Sarah Hutchings – Octopus Ink Media
Let me start by saying that I am all for raising awareness on the urgency of the climate crisis and the need for massive changes in the way we all live our lives. This has been a subject that I have followed for years and, in all honesty, one that has robbed me of more than a few nights’ sleep. Perhaps more than most people, I’m acutely aware of the dangerous situations (there’s no doubt about whether or not they’ll happen anymore) we will meet in the not-too-distant future, and yes, they terrify me.
On a personal level, I took the decision a few years ago to write more about sustainability-related issues, to try and spread the message and to reach those who hadn’t perhaps seen the documentaries or read the books and reports I had. As much as possible, I practice what I preach: I avoid plastic as much as possible, carry reusable water and coffee cups, buy shampoo and soap bars instead of plastic-packaged alternatives, follow an 80% vegan diet, have a compost bin in my garden and buy only what I need, as opposed to blindly allowing consumerism and fast fashion to control my spending habits. Do I still drive a petrol car? For now, yes. Give me a better bus service to use and I’d happily do so. Do I still fly? Yes, but not as often as I would do if I wasn’t aware of the environmental impact. I love travelling, it is only my awareness of the carbon footprint it generates that stops me flying more.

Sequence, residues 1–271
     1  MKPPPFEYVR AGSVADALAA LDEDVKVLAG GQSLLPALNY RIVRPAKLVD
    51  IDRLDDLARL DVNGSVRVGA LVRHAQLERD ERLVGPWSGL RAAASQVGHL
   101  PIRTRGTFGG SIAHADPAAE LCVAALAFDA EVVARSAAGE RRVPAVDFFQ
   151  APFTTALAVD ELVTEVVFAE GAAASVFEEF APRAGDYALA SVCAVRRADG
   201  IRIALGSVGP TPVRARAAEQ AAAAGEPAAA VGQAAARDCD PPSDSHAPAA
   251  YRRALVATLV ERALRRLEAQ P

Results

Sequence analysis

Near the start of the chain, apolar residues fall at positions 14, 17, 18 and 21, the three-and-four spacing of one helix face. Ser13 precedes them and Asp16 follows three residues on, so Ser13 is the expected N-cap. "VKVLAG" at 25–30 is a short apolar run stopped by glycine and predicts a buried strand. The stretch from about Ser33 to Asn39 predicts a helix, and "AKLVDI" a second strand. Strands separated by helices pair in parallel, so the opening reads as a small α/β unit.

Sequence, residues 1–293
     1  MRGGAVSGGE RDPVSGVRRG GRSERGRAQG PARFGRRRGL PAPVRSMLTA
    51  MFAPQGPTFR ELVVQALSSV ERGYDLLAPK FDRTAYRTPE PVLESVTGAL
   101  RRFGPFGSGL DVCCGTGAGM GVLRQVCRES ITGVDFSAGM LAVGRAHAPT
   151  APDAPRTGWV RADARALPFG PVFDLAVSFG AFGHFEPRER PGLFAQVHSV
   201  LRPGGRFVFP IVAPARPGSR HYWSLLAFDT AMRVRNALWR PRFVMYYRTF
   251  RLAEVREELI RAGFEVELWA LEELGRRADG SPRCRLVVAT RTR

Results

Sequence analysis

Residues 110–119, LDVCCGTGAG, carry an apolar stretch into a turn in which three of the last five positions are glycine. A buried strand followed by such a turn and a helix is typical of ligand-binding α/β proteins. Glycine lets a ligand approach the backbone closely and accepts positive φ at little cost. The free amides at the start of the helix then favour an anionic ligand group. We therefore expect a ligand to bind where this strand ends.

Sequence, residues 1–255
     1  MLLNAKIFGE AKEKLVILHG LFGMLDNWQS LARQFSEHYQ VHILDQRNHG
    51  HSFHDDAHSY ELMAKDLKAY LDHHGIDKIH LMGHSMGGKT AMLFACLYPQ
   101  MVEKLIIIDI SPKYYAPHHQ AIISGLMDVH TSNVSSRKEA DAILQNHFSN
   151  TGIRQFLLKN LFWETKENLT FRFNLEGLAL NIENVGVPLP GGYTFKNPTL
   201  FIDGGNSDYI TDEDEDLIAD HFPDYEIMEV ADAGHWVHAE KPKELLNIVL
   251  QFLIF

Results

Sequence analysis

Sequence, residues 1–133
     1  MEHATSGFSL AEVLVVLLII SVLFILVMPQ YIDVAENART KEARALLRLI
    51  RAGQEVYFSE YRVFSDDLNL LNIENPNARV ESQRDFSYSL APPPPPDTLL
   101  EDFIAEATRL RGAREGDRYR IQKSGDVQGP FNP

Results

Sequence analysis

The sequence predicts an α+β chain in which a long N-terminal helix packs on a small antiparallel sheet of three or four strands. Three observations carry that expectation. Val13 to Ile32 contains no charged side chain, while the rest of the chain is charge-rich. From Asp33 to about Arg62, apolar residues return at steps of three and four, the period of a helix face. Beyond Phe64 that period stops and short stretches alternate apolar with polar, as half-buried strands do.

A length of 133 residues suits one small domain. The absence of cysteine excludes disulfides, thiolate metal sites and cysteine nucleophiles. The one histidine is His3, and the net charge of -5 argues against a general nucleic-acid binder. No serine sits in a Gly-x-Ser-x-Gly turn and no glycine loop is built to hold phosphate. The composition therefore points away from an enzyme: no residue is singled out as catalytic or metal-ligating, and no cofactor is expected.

Knowing what I know about climate change doesn’t always make for a happy life. In fact, it makes anxiety an uninvited visitor who never leaves my house. Every single day I feel the weight of this uphill struggle, that I’m swimming against the current. Every day I feel disheartened. I see people who (often through choice) know less about the state of the planet and the problems our children will face, and they all seem so much happier than I am, which is to be expected, I guess. I often envy their ignorance. I wish I didn’t know what’s in store. But I do. And it feels like my duty as a citizen of this magical planet to try and do something about it. I also quite like humans. Well, some humans, most days. Call me an old romantic, but I’d quite like for human civilization not to face extinction.
So, believe me when I say that I am all for increasing awareness on climate change. If it were up to me, series like Blue Planet and documentaries such as Before the Flood and Cowspiracy would be compulsory viewing for absolutely everyone, starting with high school students, and environmental studies would figure in school curriculums from the minute children enter the education system. I’d make it impossible for people to access their social media or Netflix accounts until they pass a multiple-choice test that proves they have at least a general idea
about what’s happening on a global level with regards to the state of our planet.
Last week the latest, scariest report to date on climate change told us that we have just 12 years to avoid a complete catastrophe. If you saw the headline and didn’t read it, the spoiler was pretty clear: We’re all going to be more screwed than ever imagined, and far sooner. It’s no longer something future generations will have to deal with, we ALL will start to feel the effects and in little more than a decade. Or, to make it more Game-of-Thronesy for you:
“CLIMATE CATASTROPHE IS COMING”
As soon as I read that report, I knew that when other people saw the headline, one of three
things would happen:
- People like me would read it and feel an even bigger sense of dread and despair.